London was the goal and London is already here. In just a week, a few selected gymnasts from around the world will finally accomplish their dream: the Olympics.
18 medals will be awarded in the women’s gymnastics field and it seems that the traditional powerhouses: United States, Russia, Romania and China will, once again, dominate the medal table.
This is a prediction based on actual competition results. We aknowledge the difference in scoring between competitions and score bonus in some countries, but we also think this is the fairest and most mathematical way to make predictions.
Olympics format: 5-4-3 (qualifications) and 5-3-3 (team final).
We have calculated 3 scenarios:
– maximum score: the maximum score possible for the country taking 3 highest scores for each apparatus.
– minimum score: the minimum score possible for the country taking the 3 lowest scores for each apparatus.
– average score: the average results of a team.
The scores used are those official in any 2012 tournament and 2011 World Championships. We have used 2011 Worlds because it is the only competition where all the gymnasts were scored by the same judges.
USA is the clear favourite to take team gold in London. They are in the top position in the three scenarios studied. They have a very balanced team with high scorers in all apparatus and great consistency. Their disadvantage is that they haven’t competed that much outside US territory (Jesolo this year), so home judging might play a big factor here. However, even if their scores are a bit lower in London, they have a big enough cushion ahead the other teams to afford not hit routines and even falls.
Among the top teams is not a surprise that Russia is the less stable. They have a range of 18 points between a hit competition and a melt down. Russia is able to challenge USA for gold, but it wouldn’t be a surprise if they end up outside the podium. The injuries, inconsistency and lack of depth makes Russia a big question mark. Are they going to hit?
Ready to take the podium are Romania and China. Both teams underperformed during the early competitions of the quadrennium; but seem to be peaking at the right moment. Romania would end up in the podium in all our scenarios (2 in silver and 1 in bronze) while China only manages a bronze medal at the minimum score scenario. There were not a lot of scores for China during 2012 to be counted in, so their team total is probably the worst predicted because the lack of different scores.
For the other teams, it seems cleary that Brazil (with scandals regarding Jade Barbosa) and France (with nearly all the team injured) are the ones not making the cut for team final. Then, there are 6 teams for 4 spots for the final. Great Britain, Italy and Australia shouldn’t have problems advancing to team finals according to all our scenarios studied. In our predictions the last spot would be either Canada, Japan or Germany. Japan is probably the country with the worst progression during this quad and a 5 team gymnasts make their vault and floor rotations weak. If they manage to hit beam and floor, they could sneak into finals, but they are not a secured team final team anymore. Germany relies on vault but the beam rotation could make them be out of the final; while Canada inconsistency is their biggest problem after losing team leader Christine Lee.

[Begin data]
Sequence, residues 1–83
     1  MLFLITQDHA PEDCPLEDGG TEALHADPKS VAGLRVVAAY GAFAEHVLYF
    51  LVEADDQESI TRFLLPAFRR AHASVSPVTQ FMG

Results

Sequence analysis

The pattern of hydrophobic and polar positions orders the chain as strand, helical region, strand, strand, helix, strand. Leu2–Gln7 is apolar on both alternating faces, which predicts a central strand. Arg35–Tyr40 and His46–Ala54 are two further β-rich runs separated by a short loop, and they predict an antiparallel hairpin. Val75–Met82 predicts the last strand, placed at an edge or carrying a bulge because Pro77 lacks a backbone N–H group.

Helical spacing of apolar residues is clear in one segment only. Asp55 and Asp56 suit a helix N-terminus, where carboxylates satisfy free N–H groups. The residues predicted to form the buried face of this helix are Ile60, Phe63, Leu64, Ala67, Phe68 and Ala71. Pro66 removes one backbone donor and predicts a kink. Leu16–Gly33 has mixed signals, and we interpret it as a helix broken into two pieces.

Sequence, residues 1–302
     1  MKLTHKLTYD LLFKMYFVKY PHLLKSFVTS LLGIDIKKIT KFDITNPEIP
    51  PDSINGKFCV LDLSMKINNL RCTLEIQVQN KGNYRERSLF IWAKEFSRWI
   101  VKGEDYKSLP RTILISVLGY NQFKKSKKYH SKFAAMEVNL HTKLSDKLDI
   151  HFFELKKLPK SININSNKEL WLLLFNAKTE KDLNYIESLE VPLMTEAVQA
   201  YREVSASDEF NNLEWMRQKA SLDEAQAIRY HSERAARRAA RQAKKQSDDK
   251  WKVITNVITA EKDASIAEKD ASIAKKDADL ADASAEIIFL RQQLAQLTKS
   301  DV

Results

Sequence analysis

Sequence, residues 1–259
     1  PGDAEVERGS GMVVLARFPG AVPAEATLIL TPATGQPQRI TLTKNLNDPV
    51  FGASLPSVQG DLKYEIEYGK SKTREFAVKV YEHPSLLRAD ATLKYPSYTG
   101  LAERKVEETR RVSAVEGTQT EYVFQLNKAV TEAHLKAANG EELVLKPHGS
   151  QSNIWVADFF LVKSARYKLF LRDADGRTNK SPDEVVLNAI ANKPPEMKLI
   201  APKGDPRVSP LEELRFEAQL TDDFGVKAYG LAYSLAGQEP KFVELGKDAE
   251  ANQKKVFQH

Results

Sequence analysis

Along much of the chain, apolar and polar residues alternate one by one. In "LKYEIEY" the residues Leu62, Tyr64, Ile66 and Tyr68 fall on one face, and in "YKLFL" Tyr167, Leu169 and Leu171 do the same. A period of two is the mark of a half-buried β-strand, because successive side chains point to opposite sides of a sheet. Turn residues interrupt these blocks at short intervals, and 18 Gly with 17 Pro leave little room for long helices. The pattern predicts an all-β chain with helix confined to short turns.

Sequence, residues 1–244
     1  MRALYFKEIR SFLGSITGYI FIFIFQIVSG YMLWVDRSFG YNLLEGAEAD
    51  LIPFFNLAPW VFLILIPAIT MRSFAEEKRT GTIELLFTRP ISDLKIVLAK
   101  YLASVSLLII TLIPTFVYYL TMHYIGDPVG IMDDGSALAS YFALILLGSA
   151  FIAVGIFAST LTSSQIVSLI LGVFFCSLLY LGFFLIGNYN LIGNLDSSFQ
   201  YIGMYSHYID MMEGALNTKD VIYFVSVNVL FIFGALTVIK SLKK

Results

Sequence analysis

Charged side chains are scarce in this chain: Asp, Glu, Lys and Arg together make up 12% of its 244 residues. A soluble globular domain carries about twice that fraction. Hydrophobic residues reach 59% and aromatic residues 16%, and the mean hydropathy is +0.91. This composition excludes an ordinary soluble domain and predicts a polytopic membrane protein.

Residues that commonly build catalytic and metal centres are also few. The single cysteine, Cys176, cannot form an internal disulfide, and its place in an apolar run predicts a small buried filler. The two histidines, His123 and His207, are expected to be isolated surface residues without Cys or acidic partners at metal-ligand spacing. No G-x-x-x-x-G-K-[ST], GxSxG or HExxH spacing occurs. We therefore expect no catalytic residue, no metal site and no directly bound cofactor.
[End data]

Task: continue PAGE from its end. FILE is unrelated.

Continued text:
For the first time, we have also calculated the rankings per apparatus of every country with the three same scenarios:
USA is the Amanar (Yurchenko 2 1/2) team and this shows in the vault rankings. If everybody hits vault, USA could potential have a comfortable lead after vault. Russia has strong Yurchenko 2/1, but they are pushing themselves for harder vaults that could undermine their total score if not hit. Romania is in the same situation of Russia but with more stable vaults. Germany with Oksana Chusovitina and Janine Berger will use vault to boost their team total.
It is no surprise Russia is the topo bars worker, with two 7.0 sets and another 6.5 (and improving); bars should be for Russia what vault is for USA. But USA has improved this year on bars with Gabrielle Douglas and Kyla Ross, so the gap is narrowed. China is third in all scenarios, but their inconsistency and build in deductions of their routines might compensate the high D scores. Great Britain is in Beth Tweddle hands for a strong performance in this apparatus.
Romania and USA are head to head in this apparatus. Both teams with consistent and high difficult routines. The differences between the two countries is marginal; but beam is Romania’s opportunity to boost their team total. China is, once again, in third with beautiful difficult beam routines. Beam is Russia’s most iffy apparatus, probably the one that defines Russia’s inconsistency. If they hit, they have the scores, but the impossible combinations and their lack of believe on beam are their enemies. One team worth mentioning on beam is Italy, that produces original and difficulty routines with superb extension.
USA is a powerful tumbler country and it shows on floor, with very high tumbling and difficult skills. For USA, the out of bouns (OOB) are their biggest enemies. Romania is in second and improving, during the last year their choreographies have made a progression. Russia is in third if Grishina and Afanaasyeva are totally recovered, otherwise, they are on floor weak. Australia, Canada and Itally have strong individual performances on the event.